To prevent the spread of other states' draconian abortion rules across borders, Washington joined a growing list of states that have implemented such legislation.
In other developments, on Thursday, Governor Jay Inslee signed a measure into law that would restrict law enforcement and courts in Washington from assisting other states' investigations into abortion.
According to his administration, this might insulate both abortion providers from prosecution under other states' laws and patients who go to Washington state for an abortion from prosecution back home.
For what it's worth, Oriana Gonzalez of Axios writes that since the Supreme Court overturned Roe v. Wade last year, 19 states have taken action to prohibit or limit abortion. Several blue states, Washington included, have responded by attempting to restrict the scope of these statutes because of this.
Global context: The Center for Reproductive Rights, which keeps tabs on such measures, reports that 12 states now have abortion shield laws after Thursday's signing by Minnesota's governor.
The new legislation guarantees "freedom from intrusion by any politician or any government in the most intimate, private decision by a woman," Inslee declared just before signing the bill into law.
It's important to highlight that the new legislation prevents Washington state law enforcement and courts from helping with investigations into efforts by other jurisdictions to limit access to transgender-affirming health care.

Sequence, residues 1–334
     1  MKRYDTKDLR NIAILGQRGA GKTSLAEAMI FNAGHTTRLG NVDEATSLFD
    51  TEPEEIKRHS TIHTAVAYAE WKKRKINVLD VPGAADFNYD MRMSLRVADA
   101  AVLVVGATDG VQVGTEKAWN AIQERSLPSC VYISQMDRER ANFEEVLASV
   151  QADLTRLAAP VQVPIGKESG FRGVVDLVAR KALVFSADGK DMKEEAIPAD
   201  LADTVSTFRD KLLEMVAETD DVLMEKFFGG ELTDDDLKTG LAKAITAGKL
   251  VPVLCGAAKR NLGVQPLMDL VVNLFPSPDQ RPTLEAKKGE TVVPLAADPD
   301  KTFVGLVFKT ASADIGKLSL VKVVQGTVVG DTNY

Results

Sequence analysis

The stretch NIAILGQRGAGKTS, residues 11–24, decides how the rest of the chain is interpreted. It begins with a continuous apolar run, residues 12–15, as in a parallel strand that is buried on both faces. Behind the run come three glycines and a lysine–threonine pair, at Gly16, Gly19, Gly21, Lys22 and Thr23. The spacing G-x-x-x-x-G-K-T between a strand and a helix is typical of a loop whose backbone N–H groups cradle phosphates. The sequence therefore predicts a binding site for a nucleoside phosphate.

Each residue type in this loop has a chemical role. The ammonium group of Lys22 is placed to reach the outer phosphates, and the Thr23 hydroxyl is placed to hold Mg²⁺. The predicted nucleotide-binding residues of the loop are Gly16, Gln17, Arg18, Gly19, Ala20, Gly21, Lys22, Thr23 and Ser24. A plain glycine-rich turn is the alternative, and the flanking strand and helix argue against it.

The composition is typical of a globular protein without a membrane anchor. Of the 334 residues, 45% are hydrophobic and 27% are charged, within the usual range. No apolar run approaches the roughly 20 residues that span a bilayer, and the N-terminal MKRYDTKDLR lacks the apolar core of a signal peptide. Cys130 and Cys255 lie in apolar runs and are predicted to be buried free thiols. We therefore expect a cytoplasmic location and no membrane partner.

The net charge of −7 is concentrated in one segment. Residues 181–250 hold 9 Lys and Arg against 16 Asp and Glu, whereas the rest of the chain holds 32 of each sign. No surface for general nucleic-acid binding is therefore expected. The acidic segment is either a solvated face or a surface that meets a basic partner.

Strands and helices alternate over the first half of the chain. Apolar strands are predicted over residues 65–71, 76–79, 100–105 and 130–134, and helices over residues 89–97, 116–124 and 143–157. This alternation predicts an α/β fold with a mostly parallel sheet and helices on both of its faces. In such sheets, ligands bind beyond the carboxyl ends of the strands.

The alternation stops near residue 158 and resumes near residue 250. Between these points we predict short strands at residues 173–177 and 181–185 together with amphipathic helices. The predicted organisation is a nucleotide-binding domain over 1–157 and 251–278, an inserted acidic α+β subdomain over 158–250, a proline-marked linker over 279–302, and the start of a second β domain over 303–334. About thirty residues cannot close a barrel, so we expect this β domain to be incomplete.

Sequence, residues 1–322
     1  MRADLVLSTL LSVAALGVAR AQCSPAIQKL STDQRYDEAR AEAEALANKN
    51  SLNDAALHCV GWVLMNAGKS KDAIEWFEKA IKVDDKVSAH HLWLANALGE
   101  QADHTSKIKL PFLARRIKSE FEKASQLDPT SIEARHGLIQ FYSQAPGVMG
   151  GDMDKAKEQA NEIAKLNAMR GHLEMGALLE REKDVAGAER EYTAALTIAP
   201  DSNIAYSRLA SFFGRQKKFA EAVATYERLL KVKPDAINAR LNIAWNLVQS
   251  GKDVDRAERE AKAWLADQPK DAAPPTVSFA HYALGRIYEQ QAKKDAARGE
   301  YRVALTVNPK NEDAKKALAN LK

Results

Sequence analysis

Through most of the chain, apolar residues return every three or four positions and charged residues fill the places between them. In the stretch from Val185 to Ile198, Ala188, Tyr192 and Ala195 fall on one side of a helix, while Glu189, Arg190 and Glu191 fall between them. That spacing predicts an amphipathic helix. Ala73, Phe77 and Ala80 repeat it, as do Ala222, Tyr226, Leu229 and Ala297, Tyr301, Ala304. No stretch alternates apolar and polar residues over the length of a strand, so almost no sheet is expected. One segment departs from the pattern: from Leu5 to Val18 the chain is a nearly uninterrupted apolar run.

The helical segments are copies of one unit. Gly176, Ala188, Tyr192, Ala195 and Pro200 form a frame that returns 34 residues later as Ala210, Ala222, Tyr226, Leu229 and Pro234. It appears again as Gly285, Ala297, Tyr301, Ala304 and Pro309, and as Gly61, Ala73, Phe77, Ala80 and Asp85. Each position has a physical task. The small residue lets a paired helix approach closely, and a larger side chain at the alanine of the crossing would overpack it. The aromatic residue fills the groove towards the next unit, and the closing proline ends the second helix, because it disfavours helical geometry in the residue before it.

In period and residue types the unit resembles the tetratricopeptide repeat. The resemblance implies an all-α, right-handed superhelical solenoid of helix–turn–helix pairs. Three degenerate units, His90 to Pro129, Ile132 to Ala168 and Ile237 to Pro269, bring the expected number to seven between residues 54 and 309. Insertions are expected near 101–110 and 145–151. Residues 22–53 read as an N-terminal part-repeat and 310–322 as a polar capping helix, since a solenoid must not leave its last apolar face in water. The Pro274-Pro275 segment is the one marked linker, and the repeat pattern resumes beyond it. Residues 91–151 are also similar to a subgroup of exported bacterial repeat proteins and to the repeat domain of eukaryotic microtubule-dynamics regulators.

In a floor address on April 10, state senator Mike Padden (R-Spokane Valley) opposed the bill, arguing that it would "promote abortion tourism" and that it goes too far in seeking to overturn the rules of neighboring jurisdictions.
Others in the legislature were concerned that law enforcement agencies wouldn't share information with Washington authorities if the state didn't help with investigations happening in other states.
Washington state lawmakers are aiming to ensure that abortion providers in blue states are shielded from prosecution while treating patients from other states.
What's going on: Today, U.S. Senator Patty Murray (D-Wash.) and U.S. Representative Kim Schrier (D-Sammamish) introduced legislation to protect physicians who perform abortions in places where such procedures are permitted from prosecution under more stringent abortion laws enacted in those jurisdictions.
Since Roe v. Wade was overturned, roughly a quarter of U.S. states have outright banned or severely limited access to abortion. But in other places, lawmakers are taking action to protect patients and doctors' access to the procedure and to make it easier for them to work with patients and doctors in other states.
The 105-day session of the Washington State Legislature ended on Sunday. During that time, new gun control laws, revisions to housing policy, and protections for women's access to abortion were passed.
A new two-year budget of $69.3 billion was also adopted by the Democratic-controlled Legislature to fund public schools, prisons, and other state services.